This has been a hard week at our house; our beloved golden retriever Meg died.
Last Monday evening she curled up for a before-bedtime nap in the living room. After settling in, she had what looked like a small seizure, and before my husband could cross the room to help her, she was gone, unresponsive.
We were both devastated. Meg had come into our family just when we needed her, and just when she needed us. Our kids and grandchildren loved her, our friends and neighbors loved her – even our postman brought her treats. She was a gentle, loving, lovable dog, and we miss her terribly.
It's easy to overlook how much our pets might mean to our grandchildren. When Carrie came to visit last week after Meg had died, she ran over and put her arms around my neck and said, “Grandma I'm so sorry Meg is gone.”
Later she peeked at me out of the corner of her eye and whispered, “I know what I'm going to give you for Christmas, Grandma – a dog!”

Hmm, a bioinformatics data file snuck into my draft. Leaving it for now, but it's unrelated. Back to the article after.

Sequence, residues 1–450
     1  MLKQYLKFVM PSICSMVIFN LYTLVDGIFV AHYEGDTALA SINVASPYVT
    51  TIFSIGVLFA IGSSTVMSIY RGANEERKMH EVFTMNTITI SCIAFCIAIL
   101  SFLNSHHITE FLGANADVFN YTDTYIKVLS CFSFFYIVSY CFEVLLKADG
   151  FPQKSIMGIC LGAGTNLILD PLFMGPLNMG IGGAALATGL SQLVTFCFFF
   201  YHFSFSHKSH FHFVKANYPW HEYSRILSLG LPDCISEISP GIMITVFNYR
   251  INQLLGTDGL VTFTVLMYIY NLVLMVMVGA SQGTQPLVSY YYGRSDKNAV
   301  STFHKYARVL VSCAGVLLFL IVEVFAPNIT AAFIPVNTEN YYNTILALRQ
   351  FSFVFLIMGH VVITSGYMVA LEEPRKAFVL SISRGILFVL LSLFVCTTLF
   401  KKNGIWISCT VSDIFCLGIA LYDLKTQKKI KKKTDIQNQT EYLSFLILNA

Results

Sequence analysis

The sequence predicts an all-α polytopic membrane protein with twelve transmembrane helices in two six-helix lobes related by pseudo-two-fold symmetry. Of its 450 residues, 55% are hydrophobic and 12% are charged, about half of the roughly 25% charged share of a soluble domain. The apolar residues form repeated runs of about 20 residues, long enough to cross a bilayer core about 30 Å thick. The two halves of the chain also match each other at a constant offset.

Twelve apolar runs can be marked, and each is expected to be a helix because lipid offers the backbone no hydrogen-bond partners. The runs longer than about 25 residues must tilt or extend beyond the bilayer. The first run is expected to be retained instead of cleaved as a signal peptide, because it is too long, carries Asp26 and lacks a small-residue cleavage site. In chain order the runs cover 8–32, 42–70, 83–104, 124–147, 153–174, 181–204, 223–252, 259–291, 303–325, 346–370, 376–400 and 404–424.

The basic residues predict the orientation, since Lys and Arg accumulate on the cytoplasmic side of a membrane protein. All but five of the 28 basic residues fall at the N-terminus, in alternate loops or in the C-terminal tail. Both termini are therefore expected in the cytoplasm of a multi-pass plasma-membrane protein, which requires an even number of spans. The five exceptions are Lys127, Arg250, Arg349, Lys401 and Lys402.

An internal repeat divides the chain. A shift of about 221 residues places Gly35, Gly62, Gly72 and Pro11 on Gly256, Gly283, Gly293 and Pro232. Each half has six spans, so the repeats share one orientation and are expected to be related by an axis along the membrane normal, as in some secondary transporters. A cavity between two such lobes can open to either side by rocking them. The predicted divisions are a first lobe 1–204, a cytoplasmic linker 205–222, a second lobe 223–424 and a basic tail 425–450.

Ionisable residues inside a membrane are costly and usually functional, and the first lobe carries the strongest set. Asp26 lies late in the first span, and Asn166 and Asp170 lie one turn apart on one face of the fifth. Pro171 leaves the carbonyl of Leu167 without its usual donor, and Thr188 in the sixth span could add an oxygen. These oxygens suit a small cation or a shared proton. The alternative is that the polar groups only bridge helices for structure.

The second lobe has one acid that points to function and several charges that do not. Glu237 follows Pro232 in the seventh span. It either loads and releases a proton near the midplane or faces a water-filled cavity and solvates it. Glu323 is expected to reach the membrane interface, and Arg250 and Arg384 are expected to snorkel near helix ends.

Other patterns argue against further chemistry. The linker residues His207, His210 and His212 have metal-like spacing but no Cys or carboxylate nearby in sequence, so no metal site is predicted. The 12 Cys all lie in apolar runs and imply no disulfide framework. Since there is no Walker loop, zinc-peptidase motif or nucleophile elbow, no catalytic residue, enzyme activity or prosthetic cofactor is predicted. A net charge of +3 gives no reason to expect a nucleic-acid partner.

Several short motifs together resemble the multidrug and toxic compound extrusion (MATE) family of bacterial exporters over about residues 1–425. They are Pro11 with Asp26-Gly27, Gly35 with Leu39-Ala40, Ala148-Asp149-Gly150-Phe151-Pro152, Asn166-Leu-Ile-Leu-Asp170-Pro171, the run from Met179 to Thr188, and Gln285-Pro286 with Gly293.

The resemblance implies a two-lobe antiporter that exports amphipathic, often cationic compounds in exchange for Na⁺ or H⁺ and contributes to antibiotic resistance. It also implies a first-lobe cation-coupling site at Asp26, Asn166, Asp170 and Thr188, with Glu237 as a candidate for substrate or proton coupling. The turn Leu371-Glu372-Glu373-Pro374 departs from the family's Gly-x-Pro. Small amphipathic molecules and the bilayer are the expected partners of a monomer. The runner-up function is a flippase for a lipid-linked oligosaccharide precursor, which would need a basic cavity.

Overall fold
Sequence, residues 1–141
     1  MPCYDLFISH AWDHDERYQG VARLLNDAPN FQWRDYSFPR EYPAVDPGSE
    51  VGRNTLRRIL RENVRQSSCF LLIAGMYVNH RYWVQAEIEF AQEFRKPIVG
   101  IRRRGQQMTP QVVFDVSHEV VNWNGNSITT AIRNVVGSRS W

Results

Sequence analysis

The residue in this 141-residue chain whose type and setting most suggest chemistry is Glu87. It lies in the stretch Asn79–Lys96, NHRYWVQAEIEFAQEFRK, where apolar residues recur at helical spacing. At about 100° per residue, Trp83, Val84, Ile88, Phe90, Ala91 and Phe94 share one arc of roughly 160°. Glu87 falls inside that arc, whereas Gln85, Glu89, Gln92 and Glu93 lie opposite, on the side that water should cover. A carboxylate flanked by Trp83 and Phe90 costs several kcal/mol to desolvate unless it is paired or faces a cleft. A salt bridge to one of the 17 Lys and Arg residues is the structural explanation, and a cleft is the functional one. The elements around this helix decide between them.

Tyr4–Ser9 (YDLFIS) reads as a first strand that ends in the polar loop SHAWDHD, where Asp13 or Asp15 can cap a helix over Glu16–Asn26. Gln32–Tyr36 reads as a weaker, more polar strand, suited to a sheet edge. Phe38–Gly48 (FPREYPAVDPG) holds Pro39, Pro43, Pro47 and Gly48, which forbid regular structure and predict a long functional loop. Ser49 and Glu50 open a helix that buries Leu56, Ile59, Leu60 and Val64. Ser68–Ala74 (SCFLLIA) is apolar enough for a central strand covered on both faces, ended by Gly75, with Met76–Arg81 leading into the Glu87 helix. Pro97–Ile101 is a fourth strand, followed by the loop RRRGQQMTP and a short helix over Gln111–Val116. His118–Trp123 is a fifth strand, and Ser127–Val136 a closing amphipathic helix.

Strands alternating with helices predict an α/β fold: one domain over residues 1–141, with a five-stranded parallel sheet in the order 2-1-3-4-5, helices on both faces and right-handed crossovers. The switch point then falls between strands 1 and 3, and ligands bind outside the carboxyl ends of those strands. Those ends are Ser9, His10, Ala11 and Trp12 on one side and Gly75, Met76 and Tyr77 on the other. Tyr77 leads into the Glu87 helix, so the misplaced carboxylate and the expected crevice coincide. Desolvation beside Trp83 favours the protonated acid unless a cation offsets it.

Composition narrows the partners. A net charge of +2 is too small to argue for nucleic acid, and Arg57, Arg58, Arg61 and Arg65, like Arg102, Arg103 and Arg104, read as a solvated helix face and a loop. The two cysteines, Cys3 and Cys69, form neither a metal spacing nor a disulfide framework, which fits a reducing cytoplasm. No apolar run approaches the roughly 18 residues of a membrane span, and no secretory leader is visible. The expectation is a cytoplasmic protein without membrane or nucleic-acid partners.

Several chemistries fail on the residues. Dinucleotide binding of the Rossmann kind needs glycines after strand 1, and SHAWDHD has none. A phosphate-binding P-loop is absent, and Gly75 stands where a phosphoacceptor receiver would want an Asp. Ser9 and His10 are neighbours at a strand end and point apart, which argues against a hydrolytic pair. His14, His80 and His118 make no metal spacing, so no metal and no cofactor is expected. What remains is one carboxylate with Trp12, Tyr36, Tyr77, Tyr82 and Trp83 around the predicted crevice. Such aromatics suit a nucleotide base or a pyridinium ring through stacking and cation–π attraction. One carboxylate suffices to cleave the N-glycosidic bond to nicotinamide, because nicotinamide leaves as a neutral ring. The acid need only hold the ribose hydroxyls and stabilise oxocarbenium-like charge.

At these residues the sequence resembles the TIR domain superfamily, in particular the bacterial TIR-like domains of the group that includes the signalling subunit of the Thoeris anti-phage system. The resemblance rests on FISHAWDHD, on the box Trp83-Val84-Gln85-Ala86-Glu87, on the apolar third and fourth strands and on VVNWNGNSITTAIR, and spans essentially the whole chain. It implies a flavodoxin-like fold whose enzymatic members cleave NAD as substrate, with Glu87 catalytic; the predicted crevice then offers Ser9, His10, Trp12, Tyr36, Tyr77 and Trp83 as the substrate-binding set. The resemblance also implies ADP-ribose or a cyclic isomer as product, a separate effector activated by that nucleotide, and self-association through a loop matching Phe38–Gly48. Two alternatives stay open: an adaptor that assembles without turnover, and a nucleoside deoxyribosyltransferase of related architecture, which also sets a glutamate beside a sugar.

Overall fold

The rest of the grandkids have responded in much the same way. Because Meg was a fairly large dog, she sometimes intimidated the littlest kids til they got to know her. Once they got big enough to sit on her, pet her, play with her, they realized she was a dog they could trust, a dog they could have fun with.
She liked to curl herself up near the blankets of babies on the floor; she liked to grab sticks out of the hands of toddlers in the yard, and she loved to sit under the high chairs of dribblers.
But mostly, whenever one of the littlest ones would come in, her tail would wag, her face would look as if it were smiling, and she would run to find something – anything – to offer that child as they came into the house.
We'll all miss her so.